Software Nerd

Friday, June 05, 2009

Reverse Immigration

This is a software-related post. Ignore it if that does not interest you.

Over the 8 years, U.S. salaries in software-development jobs have not risen much. Meanwhile, salaries for similar jobs in India have continued to rise. (The same relative change is probably true across other industries as well.)

Salaries in India can still be 25% of U.S. salaries. However, there are additional costs when the customer is in the U.S. Today, large U.S. companies budget India-based work at about 50% of U.S. based work. An experienced U.S.-based programmer may cost $120k to $140K, when one adds salary, health-insurance, company-paid social-security, and U.S. based infrastructure. An equivalent India-based employee would cost about $60k-$70k, when all costs are considered.

That is still a large difference, but much narrower than it used to be a decade ago. It has been interesting to see how such changes take place. The process is slow, giving companies and employees a fair amount of time to adjust. And, it is slow for "natural" reasons, not because of some government protectionism. A decade ago, many companies were still wary of off-shore development. They began to dabble and test the waters. Then, in the 2000's -- especially with the cost-cutting required after the stock-market bust -- some companies actually set themselves targets: e.g. "in 5 years, 20% of our development must be done off-shore".

The process would have been even slower if the free-market had prevailed. In a free-market, one would have had more immigration from India to the U.S. This would have reduced the wage-differential by lowering U.S.-based costs, while one would have seen India-based cost rise slightly more than they otherwise did. In the end, one would have had significantly more U.S.-based wealth-creation.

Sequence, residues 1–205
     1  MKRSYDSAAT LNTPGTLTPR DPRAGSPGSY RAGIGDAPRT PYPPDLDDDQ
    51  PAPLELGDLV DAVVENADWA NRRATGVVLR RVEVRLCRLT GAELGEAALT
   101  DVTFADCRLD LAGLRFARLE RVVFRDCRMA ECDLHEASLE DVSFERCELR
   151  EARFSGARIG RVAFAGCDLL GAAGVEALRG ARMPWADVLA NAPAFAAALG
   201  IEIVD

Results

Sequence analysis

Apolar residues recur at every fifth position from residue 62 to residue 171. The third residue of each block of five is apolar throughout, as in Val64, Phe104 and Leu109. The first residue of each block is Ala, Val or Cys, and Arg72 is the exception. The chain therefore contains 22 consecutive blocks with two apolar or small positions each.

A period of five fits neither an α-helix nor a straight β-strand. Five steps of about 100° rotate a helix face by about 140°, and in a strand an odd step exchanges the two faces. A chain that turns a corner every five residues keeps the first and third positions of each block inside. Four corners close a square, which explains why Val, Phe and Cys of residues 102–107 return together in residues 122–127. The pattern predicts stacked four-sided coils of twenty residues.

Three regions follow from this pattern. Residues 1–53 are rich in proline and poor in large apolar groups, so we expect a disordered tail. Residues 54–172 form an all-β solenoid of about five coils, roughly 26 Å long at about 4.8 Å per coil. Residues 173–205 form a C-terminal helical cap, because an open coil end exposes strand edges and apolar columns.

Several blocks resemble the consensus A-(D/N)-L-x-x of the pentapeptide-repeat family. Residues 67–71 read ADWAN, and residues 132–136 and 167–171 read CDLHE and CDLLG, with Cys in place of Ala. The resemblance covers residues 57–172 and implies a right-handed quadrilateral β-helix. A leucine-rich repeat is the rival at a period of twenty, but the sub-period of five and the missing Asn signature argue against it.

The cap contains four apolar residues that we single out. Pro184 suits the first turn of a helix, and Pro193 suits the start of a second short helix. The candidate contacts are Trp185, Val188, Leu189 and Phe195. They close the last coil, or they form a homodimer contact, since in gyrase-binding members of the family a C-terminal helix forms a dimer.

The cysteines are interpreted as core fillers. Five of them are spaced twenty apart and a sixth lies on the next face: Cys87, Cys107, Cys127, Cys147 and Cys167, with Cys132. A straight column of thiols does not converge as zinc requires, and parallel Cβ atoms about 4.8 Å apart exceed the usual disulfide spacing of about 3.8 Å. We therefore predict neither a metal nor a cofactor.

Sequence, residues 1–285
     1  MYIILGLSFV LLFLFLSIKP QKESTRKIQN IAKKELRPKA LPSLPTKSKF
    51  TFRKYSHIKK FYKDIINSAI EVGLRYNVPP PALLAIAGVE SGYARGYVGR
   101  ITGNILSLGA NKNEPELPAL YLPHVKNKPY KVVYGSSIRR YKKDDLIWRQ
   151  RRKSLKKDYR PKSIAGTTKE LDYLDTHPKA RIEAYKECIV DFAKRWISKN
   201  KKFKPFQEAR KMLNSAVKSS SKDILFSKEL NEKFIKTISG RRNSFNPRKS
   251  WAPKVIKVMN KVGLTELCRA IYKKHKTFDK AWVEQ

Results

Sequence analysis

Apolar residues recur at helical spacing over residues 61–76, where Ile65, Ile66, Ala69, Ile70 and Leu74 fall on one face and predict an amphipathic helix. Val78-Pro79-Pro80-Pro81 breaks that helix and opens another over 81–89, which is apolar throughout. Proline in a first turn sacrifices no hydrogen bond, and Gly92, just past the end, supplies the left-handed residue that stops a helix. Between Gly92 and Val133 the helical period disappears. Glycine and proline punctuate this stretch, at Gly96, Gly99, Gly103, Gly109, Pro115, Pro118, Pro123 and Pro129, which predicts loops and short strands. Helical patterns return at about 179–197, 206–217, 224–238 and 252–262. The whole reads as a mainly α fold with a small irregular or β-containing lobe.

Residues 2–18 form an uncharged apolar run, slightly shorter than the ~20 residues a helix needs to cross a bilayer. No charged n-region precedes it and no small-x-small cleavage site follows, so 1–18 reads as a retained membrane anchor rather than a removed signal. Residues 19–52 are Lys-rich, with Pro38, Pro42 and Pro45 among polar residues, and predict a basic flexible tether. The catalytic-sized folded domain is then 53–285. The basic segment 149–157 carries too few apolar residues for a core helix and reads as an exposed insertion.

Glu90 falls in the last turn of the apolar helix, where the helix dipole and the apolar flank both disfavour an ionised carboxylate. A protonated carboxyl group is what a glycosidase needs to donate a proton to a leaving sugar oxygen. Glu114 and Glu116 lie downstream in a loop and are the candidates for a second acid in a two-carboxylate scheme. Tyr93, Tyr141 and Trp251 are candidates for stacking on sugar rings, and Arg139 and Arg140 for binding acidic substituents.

Now, with the downturn, companies are again under cost-cutting pressure, and looking to off-shore development as one means.

In February, IBM did something I've never heard of before. While laying of software-developers, they offered to transfer them abroad, to India, China or Brazil (1). IBM would help them move and also help them get set-up. However, once there, the U.S. workers would have to accept local levels of salaries and benefits. I doubt many people took up this offer, but it is good to see IBM being creative about this, and offering their employees a solution that is far better than being jobless.

Reverse immigration would be a true sign of the decline of the U.S. As an immigrant myself, I understand there are costs (in terms of friendships, proximity to family, familiarity with one's environment, and optional cultural values like food) in moving far from home. So, when people vote with their feet, it is a serious indicator. I don't expect this, but nor would I rule it out ... some two decades hence.

(1) Computerworld, Feb 6, 2009 "Workers Losing Jobs at IBM Get Overseas Option"



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